The Summer Book is a novel with a strong feeling of memoir. A young girl and her grandmother spend the summer on an island in the Gulf of Finland. Told in a series of vignettes, we watch the impact of time on an older person, on a child, and on the island itself.
While not as beautifully sickening as Waters’s Carsick, the “King of Filth” and director of Pink Flamingos and Serial Mom muses on role models and influences on his early and later life. The book is a delightful walk through a gallery of his friendships, personal and filmic influences, his love of Rei Kawakubo’s fashion, and even a muse on the arts that he’s brought into his home. A good read for a John Waters fan, but Role Models is also a fabulous book that may not look at individuals we typically see as role models, but definitely the influences and “loves” of his life.
I listened to The Midnight Library on cloudLibrary . It was narrated by actress Carey Mulligan who did an excellent job. Overall, the plot is a fun concept and I found the characters heartwarming.
Parable of the Sower is a beautifully written book with great characters. It is an interesting and important story crafted by a talented writer.
August Snow by Stephen Mack Jones
(Library of Congress PZ4.J7938 Au 2017)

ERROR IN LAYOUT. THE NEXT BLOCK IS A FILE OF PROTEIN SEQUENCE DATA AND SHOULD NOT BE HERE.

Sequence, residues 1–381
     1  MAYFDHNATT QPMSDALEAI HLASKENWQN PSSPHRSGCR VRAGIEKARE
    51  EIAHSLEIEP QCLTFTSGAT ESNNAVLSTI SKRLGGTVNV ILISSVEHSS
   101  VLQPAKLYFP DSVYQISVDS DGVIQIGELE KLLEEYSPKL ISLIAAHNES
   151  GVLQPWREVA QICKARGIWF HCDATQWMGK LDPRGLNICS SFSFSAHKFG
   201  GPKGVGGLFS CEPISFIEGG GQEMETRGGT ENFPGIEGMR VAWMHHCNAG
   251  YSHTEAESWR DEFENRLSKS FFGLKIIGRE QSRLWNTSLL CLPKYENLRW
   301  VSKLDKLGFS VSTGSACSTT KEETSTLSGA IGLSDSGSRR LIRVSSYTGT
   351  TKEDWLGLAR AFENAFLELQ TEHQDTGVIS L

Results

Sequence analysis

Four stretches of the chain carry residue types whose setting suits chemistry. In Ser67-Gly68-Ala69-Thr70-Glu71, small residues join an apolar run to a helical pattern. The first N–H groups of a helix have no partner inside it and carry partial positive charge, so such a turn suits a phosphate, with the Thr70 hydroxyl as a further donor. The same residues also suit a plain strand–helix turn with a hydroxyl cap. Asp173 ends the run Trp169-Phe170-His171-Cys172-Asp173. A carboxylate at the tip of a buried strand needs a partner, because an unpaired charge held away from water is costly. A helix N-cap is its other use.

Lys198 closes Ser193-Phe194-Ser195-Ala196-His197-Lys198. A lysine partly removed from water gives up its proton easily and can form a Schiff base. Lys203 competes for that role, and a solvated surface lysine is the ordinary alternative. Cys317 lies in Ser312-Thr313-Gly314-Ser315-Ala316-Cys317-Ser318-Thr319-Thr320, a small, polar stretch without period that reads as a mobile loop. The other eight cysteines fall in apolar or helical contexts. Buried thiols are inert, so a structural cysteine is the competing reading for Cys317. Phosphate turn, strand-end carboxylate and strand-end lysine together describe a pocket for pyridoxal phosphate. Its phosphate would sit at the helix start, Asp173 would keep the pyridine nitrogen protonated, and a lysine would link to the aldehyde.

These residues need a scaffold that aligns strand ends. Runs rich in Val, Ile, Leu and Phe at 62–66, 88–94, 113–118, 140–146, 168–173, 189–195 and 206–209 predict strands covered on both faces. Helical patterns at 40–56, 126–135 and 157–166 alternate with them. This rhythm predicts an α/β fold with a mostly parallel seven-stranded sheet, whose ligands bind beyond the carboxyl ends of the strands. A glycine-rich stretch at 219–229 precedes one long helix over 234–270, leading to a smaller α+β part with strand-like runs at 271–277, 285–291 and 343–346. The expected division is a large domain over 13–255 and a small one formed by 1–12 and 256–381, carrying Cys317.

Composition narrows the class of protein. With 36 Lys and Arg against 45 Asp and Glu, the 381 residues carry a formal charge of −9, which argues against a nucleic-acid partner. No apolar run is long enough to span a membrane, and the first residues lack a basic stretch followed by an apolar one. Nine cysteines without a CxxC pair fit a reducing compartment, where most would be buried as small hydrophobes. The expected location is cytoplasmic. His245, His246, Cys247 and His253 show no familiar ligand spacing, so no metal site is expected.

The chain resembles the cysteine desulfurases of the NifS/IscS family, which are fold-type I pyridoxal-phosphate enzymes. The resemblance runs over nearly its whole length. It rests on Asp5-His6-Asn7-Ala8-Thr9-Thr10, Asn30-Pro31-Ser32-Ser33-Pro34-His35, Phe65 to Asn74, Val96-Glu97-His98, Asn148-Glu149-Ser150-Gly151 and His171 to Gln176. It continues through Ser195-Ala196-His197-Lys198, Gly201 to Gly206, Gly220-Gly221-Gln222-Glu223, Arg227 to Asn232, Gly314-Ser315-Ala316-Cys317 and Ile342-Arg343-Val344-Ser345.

This title may confuse, but no, it is not a depressing weather forecast for New England but rather a rollicking thriller set in Detroit whose ex-military, ex-cop, incurable Romantic hero is named August Octavio Snow. Jones is a poet and playwright and while those sensibilities may inform his prose, this story is a page-turner for the beach, the plane, or the backyard hammock. You’ll get to know Mexicantown and other areas in Detroit, which are most likely unfamiliar. Yes, it’s a macho romp, but you’ll rethink the word “macho” after finishing.
Godine at Fifty: A Retrospective of Five Decades in the Life of an Independent Publisher by David R. Godine
(Library of Congress Lg Z1217.D38 G63 2021)
If you are a book collector living in the Boston area, you probably know about David Godine’s books, and the subtitle of this tells you pretty much all you need to know about his latest. Not simply a checklist or annotated bibliography, it’s a beautifully illustrated brief history of both his work in general and individual titles in particular. Anyone looking to satisfy a bookish craving will find nourishment with every flip of the page.
Bruno’s Challenge: And Other Stories of the French Countryside by Martin Walker
(Library of Congress PZ4.W183 Br 2022)
Available through cloudLibrary in eBook format.
In recent years, summer has meant a chance to bask in the sun of southern France while reading of the amorous and culinary adventures of Bruno Courrèges, chief of police of a village in the Dordogne who mediates everything from neighborly disputes over geese to espionage with major international implications. The latest in the series won’t be out until the end of August, but these short stories act as an amuse-bouche until the main entry is ready.